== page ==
Sermons

Summary: The Lord supplies our needs!

The God of Endless Provision, 1 Kings 17:7-16

Introduction

This morning, there is much that my heart longs to share with you. Having only recently returned from my first pilgrimage to the Holy Land, my soul is bursting with the presence of God and a longing to share the power of that experience with you. That will come in time, no doubt.

This morning my focus will be on the abundant provision and endless supply of Almighty God in the lives of His children. What I am talking about here today has precious little to do with earthly treasures, though they are a part of this equation. What I am talking about here today has little, if anything, to do with our earthly prosperity, though we will touch on that theme.

There is a treasure which has been given to you and to me that is far greater than anything this life has to offer. There is a gift which has been given to us which is such unsurpassable worth as to be incomparable with anything of this world.

The material trappings of this life; the god of Western materialism; often blinds us to the power and beauty of the real treasures of this life; the ultimate treasure of this life; today it my deep desire that you will lay to the side any distracting thoughts, pressures, worries, fears, hesitations of faith, so that I might share with you what was for me the most beautiful treasure I brought home from Israel.

Exposition

In today’s text there are two primary characters. There is the widow to whom the Lord sent the prophet and then there is the prophet, Elijah; the great and mighty man of God. The story begins by telling us that the brook in the area where the widow lived had dried up from a lack of rainfall.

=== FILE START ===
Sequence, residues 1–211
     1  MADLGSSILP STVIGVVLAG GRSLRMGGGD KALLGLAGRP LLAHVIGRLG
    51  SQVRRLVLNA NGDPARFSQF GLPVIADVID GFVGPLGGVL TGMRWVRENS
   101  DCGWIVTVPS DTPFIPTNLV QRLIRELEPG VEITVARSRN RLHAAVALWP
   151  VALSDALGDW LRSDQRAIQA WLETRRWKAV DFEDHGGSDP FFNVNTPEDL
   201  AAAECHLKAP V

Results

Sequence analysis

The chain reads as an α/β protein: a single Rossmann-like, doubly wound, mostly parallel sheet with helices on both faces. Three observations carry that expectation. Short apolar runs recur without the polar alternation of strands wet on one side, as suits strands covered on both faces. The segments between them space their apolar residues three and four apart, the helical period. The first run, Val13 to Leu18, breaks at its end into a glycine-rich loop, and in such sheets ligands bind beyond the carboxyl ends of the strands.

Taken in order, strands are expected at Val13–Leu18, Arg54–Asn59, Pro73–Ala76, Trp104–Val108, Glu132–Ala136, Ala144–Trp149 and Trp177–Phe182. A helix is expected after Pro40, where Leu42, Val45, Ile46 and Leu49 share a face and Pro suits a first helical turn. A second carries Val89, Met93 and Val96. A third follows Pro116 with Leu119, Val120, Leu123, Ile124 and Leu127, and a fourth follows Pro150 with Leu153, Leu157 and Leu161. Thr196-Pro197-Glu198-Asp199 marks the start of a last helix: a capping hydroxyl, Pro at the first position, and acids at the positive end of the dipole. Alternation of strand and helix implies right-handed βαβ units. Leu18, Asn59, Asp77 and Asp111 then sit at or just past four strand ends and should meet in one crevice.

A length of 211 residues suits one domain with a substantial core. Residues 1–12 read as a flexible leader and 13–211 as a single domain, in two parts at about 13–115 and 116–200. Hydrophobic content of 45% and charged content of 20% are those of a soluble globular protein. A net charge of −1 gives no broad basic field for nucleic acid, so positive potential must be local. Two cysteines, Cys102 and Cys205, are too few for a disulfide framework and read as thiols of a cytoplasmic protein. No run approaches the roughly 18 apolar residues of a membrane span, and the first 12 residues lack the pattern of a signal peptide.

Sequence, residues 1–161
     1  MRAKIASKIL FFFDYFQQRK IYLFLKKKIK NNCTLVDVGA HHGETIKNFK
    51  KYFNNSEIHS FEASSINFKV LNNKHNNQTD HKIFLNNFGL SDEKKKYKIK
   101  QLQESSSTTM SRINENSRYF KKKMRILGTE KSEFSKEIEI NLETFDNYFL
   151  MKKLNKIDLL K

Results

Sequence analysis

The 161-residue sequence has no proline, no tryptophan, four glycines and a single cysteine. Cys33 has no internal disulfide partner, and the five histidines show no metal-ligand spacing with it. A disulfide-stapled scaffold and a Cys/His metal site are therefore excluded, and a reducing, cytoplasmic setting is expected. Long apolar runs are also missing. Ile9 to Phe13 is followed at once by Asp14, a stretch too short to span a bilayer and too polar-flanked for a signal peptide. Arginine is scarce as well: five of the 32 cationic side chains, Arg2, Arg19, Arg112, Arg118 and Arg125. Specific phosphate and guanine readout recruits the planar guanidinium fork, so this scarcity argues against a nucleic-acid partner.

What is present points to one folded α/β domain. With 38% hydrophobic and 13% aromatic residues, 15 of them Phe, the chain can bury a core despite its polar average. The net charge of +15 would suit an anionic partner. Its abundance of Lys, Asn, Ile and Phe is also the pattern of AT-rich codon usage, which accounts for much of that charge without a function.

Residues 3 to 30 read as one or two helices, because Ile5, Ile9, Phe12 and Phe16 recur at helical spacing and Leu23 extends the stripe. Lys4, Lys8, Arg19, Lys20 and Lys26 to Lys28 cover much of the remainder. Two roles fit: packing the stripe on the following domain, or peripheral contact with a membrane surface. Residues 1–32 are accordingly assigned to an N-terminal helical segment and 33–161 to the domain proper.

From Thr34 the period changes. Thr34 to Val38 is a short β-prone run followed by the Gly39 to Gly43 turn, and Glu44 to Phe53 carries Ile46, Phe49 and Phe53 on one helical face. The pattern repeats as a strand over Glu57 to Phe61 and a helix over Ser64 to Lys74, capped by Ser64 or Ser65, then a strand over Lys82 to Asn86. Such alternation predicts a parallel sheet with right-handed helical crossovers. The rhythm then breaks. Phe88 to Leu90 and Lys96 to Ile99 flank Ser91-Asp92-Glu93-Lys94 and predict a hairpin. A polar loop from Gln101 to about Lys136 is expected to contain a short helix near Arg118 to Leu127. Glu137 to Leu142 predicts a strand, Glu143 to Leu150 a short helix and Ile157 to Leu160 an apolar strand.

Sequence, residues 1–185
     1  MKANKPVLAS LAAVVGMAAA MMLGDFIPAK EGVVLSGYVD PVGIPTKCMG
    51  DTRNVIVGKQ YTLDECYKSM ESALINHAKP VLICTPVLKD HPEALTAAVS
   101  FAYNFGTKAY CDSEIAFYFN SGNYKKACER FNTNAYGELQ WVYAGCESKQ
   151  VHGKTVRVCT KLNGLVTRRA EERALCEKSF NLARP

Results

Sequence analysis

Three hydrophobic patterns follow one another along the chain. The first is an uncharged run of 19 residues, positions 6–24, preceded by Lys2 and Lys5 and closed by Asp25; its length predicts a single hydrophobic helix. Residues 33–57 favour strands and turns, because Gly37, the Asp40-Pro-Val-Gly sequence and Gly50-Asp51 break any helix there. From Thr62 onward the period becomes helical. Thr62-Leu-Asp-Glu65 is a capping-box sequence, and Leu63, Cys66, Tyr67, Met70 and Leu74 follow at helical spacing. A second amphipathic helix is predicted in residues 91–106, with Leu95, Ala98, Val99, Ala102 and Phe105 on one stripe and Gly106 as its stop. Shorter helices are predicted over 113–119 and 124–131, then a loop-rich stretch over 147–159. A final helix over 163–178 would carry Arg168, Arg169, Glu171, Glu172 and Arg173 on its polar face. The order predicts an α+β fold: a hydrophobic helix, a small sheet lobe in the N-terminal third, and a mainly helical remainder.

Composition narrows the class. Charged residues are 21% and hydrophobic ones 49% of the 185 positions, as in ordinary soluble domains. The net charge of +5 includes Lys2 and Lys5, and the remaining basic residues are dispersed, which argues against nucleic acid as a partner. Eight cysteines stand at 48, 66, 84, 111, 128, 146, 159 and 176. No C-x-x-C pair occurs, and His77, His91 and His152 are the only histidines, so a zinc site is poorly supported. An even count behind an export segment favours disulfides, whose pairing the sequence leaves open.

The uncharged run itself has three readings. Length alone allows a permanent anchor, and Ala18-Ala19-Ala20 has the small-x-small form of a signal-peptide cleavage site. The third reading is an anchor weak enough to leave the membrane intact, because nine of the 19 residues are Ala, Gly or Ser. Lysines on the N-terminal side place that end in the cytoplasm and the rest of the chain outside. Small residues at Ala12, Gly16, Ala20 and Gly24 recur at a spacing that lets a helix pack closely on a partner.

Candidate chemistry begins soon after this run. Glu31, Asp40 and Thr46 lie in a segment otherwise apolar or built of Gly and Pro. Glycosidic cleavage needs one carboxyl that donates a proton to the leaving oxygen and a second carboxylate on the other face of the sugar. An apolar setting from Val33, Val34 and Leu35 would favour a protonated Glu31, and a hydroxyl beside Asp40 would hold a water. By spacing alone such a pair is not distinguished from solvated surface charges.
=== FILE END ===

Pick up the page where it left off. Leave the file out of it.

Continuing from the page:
The Holy Land is a much more arid place today than it was in the times of Christ and in the times of Elijah the prophet, but the rainfall then as now greatly affects the brooks and streams which are not fed by springs. When there is no rainfall in the high territory then the water will be scarce in the lower areas.

The brook had dried up and the widow was in dire straits with regard to her situation. She had no earthly hope of provision.

Zarephath of Sidon was an area north of Tyre, along the coast of the Mediterranean Sea in Northern Israel along the Phoenician plains.

[As an aside, for a student of biblical geography and ancient sites, I can hardly express how impactful it was to touch the places I have for so long studied; I trust greatly that it will be an enhancement to my teaching and preaching ministry for years to come having visited the land; Christina’s willingness to support me in this is yet another of many testaments to our partnership in the ministry.]

The woman and her son lived in a place during a time of great drought. The Bible says that the brook had dried up. While in our day of modern aqueducts it is perhaps difficult to completely relate to the impending disaster brought on by a time of drought in the land, even in our day it is easy to relate to the reality of the brooks in our lives, the brooks of surplus, the brooks of financial means, the brooks of peace, the brooks of provisions of all types drying up.

The widow was in a time of great need for herself and her son and yet God sent the man of God, Elijah the prophet, to request that she feed him and provide for him. The Lord seldom calls on us when it is convenient for us. The Lord seldom commands us to go and follow Him at moments which are well suited for us.

The Sovereign God of the universe and of our lives is at all times drawing us into places of greater dependence upon Him. Why does it seem that the Lord tugs at our hearts to get out of our comfort zone just when we are most comfortable? May I suggest that it is because comfortable feet quickly grow lazy?

The widow did not have great wealth. In her initial response to the man of God we hear the sound of our own voices, don’t we? I know I hear my own voice intoned in hers. “As surely as the LORD your God lives,” she replied, “I don’t have any bread--only a handful of flour in a jar and a little oil in a jug. I am gathering a few sticks to take home and make a meal for myself and my son, that we may eat it – and die.” (1 Kings 17:12 NIV)

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